The research conducted by the European Food Safety Authority (2013) states that another common global source of food-borne illness is E. coli. There are many strains of this bacterium, which is found in the intestinal tract of animals and in their waste. The European Food Safety Authority (2013), Falkenhorst et al. (2012), and Pachepsky at al. (2011) agree that a particular strain,such as E. coli 0157:H7 is particularly dangerous for humans. This pathogen has often been found in beef products but is now also showing up in fruits and vegetables, possibly as a result of produce coming into contact with manure or water containing E. coli. One worrisome trend that has been identified as a potential risk for spreading E. coli is the fact that major producers who try to lower costs with the help of a variety of beef sources in making ground beef and supplying the most cost-effective cuts of beef that are more probable to come in contact with faeces containing E. coli. E. coli contamination of beef is now commonplace including more than 200,000 pounds recalled in July 2013. This study suggests that E. coli O157:H12 was able to adapt to the sediment environment and thus increase the chances of its survival after re-inoculation (Pachepsky et al. 2011).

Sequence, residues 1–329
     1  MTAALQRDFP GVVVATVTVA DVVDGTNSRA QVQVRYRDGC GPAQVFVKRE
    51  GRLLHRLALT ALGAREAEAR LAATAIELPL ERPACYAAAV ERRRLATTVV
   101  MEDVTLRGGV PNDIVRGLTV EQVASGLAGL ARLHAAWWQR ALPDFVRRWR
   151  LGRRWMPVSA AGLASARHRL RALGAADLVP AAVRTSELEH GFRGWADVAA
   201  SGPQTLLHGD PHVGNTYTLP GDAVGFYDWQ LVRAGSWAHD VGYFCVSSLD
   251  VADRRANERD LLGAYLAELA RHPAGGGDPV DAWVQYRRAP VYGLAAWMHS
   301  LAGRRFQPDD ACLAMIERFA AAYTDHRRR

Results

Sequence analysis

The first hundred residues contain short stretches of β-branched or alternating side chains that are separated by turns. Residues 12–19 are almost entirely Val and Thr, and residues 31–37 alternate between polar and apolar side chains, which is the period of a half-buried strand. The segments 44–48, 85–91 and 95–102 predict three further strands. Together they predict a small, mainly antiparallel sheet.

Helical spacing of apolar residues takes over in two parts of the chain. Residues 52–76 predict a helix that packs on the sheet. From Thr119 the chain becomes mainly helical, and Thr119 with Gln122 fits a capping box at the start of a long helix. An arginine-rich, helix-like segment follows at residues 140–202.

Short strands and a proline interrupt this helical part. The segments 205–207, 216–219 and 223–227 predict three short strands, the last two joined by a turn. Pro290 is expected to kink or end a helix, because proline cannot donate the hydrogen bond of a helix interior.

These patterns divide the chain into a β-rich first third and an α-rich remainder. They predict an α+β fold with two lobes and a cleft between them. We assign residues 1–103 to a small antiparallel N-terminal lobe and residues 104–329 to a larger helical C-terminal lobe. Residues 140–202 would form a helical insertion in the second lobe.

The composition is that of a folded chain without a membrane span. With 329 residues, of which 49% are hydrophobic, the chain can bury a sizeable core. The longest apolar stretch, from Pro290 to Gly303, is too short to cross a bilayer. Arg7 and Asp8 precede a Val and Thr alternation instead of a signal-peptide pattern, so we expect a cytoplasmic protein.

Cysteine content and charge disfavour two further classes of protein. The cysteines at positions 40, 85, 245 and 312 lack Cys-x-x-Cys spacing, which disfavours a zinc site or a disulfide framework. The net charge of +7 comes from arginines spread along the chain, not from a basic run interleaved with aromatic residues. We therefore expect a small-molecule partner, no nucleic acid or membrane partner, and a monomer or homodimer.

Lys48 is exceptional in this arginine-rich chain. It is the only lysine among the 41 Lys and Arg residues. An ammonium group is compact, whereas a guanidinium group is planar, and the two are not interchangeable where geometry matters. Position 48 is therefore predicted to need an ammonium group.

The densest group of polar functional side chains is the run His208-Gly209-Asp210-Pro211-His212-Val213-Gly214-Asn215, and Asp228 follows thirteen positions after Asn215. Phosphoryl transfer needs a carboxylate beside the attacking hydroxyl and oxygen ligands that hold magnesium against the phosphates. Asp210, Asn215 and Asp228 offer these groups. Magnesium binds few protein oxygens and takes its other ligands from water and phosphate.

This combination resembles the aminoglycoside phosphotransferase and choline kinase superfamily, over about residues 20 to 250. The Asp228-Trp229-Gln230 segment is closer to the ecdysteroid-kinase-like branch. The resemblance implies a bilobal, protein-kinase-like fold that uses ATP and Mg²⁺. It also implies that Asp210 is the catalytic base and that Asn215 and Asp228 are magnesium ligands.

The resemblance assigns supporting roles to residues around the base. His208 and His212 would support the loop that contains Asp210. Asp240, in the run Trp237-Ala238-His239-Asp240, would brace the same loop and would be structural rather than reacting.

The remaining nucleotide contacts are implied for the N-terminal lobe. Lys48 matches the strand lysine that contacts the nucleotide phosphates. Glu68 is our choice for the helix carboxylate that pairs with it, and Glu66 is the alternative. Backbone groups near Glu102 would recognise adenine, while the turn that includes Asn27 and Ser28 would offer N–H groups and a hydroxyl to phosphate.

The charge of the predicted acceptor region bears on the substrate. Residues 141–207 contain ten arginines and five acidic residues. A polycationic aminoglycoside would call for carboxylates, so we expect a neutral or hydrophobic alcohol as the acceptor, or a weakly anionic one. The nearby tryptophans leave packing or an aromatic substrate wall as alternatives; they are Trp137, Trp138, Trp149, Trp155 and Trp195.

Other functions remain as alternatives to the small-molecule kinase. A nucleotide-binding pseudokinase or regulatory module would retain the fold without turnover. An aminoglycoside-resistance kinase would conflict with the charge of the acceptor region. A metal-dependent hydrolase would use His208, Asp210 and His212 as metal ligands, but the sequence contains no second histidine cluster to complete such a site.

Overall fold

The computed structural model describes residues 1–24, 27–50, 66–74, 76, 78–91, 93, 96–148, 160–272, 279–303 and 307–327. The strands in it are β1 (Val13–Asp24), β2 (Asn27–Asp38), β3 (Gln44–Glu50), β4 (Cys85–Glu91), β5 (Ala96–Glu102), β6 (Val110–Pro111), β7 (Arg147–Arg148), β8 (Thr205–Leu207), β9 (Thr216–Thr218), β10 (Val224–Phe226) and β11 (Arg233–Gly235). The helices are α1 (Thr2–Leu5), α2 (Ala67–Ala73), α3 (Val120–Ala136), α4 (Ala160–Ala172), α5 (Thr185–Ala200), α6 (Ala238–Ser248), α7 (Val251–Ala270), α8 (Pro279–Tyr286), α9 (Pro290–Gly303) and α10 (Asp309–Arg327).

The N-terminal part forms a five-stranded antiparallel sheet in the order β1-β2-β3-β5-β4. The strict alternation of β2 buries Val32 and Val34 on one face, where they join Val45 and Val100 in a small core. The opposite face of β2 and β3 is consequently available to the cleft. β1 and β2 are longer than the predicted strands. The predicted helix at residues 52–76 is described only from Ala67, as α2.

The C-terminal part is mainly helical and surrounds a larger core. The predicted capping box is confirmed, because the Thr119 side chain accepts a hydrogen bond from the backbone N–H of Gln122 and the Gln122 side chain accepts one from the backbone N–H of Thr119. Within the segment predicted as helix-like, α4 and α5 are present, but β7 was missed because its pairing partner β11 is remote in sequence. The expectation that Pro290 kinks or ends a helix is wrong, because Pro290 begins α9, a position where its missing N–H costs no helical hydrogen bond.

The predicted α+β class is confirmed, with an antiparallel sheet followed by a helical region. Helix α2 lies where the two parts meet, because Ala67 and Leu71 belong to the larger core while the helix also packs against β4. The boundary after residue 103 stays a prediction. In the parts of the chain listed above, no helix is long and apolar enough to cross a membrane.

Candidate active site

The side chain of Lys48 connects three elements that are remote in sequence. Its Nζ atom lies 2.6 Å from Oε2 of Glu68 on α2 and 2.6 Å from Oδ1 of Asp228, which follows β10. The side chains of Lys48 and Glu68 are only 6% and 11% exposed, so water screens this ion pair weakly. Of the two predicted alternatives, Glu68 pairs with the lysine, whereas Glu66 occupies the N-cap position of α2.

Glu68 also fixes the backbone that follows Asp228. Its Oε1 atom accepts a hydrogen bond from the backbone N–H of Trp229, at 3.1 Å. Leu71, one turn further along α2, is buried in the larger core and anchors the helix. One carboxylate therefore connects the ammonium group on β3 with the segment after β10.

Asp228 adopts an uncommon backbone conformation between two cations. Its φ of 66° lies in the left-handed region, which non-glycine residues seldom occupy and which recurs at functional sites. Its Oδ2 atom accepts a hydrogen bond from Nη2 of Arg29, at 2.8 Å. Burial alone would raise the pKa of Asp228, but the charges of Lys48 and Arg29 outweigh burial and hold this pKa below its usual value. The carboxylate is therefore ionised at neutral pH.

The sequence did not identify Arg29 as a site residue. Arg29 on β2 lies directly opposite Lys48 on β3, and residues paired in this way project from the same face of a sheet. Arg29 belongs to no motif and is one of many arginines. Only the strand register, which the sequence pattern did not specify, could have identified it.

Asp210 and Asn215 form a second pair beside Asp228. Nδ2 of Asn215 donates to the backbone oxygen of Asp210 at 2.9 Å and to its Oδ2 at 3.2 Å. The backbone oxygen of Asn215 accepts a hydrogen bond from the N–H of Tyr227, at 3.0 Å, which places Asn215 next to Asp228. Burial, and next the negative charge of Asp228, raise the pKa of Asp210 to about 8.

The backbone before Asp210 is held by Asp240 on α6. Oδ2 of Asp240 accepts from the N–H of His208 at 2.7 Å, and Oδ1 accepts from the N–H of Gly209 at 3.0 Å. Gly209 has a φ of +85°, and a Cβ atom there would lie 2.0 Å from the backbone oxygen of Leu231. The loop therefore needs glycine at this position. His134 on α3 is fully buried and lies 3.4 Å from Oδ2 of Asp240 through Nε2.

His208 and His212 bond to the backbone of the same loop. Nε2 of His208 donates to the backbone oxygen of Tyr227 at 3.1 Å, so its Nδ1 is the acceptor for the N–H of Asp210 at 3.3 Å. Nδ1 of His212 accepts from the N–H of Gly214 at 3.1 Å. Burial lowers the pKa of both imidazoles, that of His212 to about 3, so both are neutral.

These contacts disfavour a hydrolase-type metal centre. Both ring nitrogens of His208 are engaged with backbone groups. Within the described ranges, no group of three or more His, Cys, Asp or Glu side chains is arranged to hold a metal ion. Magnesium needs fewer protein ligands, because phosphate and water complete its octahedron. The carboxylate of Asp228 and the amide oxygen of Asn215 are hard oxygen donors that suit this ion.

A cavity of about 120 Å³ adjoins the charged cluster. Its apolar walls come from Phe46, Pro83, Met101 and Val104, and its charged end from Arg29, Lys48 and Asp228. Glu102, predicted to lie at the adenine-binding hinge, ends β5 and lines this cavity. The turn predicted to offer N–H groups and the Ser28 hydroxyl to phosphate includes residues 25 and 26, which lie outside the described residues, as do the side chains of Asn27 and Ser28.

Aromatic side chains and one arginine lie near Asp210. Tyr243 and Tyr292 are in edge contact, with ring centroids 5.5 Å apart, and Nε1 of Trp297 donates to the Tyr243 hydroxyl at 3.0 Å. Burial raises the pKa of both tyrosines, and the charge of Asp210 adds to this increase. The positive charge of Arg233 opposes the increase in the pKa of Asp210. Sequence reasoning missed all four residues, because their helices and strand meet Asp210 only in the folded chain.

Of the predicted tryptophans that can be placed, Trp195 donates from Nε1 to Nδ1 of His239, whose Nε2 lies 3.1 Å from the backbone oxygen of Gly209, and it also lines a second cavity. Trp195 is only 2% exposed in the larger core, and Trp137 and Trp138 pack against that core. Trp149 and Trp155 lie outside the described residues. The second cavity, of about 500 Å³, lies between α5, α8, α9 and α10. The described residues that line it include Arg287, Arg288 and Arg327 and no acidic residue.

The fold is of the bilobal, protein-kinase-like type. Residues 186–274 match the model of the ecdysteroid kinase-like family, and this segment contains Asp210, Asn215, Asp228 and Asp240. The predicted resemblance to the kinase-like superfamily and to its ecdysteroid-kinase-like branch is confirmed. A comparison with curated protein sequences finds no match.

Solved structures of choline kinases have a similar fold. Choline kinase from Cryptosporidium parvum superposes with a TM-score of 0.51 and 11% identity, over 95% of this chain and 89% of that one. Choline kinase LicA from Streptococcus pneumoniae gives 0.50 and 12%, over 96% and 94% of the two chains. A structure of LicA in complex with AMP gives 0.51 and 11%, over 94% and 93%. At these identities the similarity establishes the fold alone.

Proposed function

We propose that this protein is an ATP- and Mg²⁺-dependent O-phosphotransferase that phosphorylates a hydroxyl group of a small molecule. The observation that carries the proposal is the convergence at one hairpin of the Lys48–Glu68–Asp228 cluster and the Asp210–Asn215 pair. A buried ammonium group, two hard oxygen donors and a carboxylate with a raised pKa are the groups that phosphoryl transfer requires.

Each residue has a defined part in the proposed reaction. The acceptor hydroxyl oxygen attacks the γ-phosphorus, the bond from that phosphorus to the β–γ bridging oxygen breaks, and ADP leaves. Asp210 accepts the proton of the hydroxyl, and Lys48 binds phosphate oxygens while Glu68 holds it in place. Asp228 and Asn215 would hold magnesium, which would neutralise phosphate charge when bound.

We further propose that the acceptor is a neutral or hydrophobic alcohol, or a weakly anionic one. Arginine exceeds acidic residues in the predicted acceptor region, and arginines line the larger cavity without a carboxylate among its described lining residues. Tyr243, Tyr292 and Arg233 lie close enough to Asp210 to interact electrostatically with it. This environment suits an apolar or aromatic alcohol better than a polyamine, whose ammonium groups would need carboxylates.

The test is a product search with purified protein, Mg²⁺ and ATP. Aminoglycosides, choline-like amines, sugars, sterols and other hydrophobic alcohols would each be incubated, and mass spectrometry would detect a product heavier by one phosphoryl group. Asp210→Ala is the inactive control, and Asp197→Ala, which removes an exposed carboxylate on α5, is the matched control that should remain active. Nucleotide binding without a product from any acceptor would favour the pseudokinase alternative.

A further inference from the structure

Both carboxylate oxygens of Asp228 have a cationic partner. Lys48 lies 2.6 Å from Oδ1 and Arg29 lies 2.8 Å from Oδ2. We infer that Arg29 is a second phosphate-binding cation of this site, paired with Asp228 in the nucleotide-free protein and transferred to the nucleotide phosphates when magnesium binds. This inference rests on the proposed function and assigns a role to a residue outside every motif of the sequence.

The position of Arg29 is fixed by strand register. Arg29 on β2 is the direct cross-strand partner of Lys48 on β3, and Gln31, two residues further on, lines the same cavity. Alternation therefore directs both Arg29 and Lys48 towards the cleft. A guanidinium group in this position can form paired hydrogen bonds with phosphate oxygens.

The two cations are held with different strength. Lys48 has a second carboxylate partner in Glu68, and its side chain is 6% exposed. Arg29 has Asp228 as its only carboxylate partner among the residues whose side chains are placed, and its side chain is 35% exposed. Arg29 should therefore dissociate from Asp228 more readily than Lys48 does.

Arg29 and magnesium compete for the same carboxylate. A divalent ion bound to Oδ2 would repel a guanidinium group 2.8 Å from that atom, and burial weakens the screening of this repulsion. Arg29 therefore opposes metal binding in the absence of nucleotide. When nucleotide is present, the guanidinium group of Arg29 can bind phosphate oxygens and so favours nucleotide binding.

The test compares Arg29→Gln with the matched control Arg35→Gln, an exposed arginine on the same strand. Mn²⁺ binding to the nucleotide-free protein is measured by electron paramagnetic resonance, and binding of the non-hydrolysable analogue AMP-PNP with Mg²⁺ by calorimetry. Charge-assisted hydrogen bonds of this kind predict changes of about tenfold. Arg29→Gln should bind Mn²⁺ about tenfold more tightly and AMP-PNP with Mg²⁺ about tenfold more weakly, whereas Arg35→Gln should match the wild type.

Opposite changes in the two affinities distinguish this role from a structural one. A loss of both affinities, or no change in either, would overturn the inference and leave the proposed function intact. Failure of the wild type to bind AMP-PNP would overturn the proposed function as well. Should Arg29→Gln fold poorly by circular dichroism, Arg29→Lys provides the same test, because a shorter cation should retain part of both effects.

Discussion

The research by the European Food Safety Authority (2013) was conducted in the EU only. It states that the number of cases of Esherichia coli also known as VTEC in humans has been increasing in the EU since 2008. In 2011, there was witnessed a rise of 2.6 times in analysed case numbers in comparison to 2010. This happened because of single vast food-borne outburst on a first-priority basis impacting Germany but with linked cases in 14 other countries and the United States. In cases where the serogroup was known, serogroup O157 was still the most commonly reported. In animals and food, findings of VTEC and serogroup O157 were most often reported from cattle and bovine meat, but the bacteria were also detected in some other animal species and food. In 2011, the general number of approved VTEC cases in the EU was 9,485. The data are based on 23 countries reporting at least one approved case and three others reporting zero cases. This represents an increase of 159.4 % compared to 2010. This large increase was the result of an outbreak starting in May 2011 caused by an enteroaggregative E. coli that affected more than 3,816 persons in Germany with linked cases in additional 15 countries (European Food Safety Authoruty 2013). Both studies provide common basic information regarding the food-borne illnesses caused by E. coli. Also, both studies state that the problem is very common and widespread, especially E. coli O157:H12. They are different in approaches as the first one addresses the item globally and the second concentrates on the UE only. However, the researches are not contradictory in terms of the data. Both of them present an opportunity for leading experts in the field of pathogenic E. coli to address the range of issues relating to these organisms. However, the researches might be improved by adding better direction methods and epidemiological investigations, which may help to control and reduce food-borne illness in the future.